Friday, February 24, 2012

High Gas Prices: Obama's Half-Truths vs. Reality

When Stephen Chu, Obama's Energy Secretary says "Somehow we have to figure out how to boost the price of gasoline to the levels of Europe", it is a little hypocritical for the President to say he is doing everything that he can to reduce the price. Obama believes it is necessary to increase the cost of energy to an unsustainable level in order for him to pass his Cap and Tax policies for total governmental control of carbon emissions. Despite overwhelming evidence that there has been no global warming for the last ten years, Obama persists in his support of the fringe wacho environmentalists who believe that there are too many people on this earth and we are destroying it.

The national average for gas prices is almost $3.60 per gallon, increasing 40 cents from a year ago and jumping 20 cents from just one month ago.[1] Prices are already surpassing $4 per gallon in some states and could threaten the country’s economic recovery.

Higher gas prices drive up production costs for goods reliant on transportation, and more money spent at the pump means less money spent at restaurants and movie theaters. Buying fewer goods and services tightens the economic vice and holds back job creation.

Almost 70 percent of the price of gasoline comes from the price of crude oil, with excise taxes, refining costs, and retail/distribution making up the other 30 percent.[2] Exporting refined petroleum products comprises a small percentage of total domestic gas production and marginally impacts prices. Despite demand for oil falling in the United States as a result of a weaker economy and a warm winter curbing the use of heating oil, the industrial rise growth of China and India continue to put upward pressure on the price of oil. The threat of Iran restricting oil exports to Europe is also driving up the global price, impacting gas prices in the U.S.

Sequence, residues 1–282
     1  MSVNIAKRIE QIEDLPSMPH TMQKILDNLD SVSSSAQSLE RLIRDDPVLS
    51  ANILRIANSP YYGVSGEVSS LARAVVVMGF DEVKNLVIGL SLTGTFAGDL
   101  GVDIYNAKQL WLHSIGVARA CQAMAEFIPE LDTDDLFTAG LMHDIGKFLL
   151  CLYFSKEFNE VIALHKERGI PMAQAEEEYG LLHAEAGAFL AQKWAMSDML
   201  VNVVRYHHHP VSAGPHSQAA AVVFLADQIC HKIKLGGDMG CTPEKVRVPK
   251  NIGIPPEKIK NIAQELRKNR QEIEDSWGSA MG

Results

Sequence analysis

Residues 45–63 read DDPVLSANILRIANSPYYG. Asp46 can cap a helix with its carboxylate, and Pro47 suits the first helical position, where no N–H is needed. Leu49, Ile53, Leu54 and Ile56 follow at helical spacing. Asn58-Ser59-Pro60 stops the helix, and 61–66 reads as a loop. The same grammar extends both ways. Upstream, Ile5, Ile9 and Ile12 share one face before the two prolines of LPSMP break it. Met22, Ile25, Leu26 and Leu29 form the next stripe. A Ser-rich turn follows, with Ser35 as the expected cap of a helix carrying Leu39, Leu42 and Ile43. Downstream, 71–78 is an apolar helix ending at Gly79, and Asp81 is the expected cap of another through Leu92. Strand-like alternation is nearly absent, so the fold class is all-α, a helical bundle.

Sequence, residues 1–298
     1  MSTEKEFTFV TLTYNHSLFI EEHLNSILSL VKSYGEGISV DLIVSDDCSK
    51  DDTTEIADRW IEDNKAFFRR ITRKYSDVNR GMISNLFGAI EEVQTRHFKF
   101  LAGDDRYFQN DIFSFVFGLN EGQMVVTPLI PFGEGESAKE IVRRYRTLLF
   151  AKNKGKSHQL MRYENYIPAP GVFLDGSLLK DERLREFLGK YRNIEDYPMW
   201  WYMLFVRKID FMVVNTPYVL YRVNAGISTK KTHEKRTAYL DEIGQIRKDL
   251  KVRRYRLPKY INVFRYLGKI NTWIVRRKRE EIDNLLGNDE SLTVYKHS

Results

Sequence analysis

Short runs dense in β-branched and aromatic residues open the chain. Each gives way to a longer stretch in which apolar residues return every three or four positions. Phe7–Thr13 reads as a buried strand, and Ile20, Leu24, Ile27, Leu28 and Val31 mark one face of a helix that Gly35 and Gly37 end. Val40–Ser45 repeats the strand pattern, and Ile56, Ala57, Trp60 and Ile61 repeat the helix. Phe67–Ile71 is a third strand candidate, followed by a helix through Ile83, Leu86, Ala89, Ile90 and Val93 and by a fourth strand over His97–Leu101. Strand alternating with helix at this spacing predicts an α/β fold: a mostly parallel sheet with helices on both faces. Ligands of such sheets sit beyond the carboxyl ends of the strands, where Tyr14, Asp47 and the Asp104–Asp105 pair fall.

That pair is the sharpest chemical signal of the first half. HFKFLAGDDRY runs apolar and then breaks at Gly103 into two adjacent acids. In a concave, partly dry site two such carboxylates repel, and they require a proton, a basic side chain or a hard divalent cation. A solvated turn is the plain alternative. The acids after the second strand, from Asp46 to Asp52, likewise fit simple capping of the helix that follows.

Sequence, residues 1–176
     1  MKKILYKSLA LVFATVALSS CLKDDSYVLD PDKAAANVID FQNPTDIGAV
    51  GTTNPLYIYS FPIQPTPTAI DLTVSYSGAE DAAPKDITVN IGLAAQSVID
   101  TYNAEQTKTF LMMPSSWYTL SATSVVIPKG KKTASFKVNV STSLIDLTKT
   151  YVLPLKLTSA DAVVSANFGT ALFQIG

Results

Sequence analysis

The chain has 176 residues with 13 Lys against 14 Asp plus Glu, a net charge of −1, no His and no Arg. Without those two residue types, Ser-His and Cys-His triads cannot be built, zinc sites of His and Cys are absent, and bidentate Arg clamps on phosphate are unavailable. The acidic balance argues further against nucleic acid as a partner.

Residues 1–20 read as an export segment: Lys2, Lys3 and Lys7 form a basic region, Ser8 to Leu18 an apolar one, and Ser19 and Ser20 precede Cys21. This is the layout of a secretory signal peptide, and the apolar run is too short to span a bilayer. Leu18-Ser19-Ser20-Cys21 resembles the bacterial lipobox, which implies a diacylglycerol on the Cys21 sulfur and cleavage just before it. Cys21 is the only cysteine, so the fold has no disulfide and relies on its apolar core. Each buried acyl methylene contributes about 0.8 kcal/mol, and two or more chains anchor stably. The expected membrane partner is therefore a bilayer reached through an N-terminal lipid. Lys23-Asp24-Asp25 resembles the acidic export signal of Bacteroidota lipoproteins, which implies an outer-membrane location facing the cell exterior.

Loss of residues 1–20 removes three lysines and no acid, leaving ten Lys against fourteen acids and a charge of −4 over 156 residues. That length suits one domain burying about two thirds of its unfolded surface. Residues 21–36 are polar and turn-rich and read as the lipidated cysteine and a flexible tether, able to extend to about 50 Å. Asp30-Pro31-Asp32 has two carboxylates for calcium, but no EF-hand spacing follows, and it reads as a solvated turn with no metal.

Here are five half-truths that one continually hears about gas prices and five actions that Congress and the Administration can take to effectively combat high gas prices.

Half-truth #1: Oil production is the highest it has been in eight years.

Half-truth #2: Increasing oil production takes too long and would not impact the market for at least a decade.

Half-truth #3: Oil is not enough. America has only 2 percent of the world’s oil reserves.

Half-truth #4: Oil is not enough. The country needs an “all-of-the-above” approach to reduce its dependence on oil.

Half-truth #5: Speculators are driving up the price of gas, and they need to be reined in.

Five Actions for Congress and the Administration

Congress and the Administration should:

1. Get moving on permits.

2. Require lease sales when ready.

3. Create a sensible review processes.

4. Remove regulatory delays and limit litigation.

5. Approve the Keystone XL Pipeline.

Let the Market Work

The market would respond if Congress and the Obama Administration allow it to work. Oil companies would respond by increasing their production, and consumers would switch to more fuel-efficient cars without any need to mandate more fuel-efficient trucks and cars. If the price of gasoline continues to rise, it will make alternative technologies all the more economically competitive.

Read full Heritage Foundation report that discusses each of the proposals above, here.

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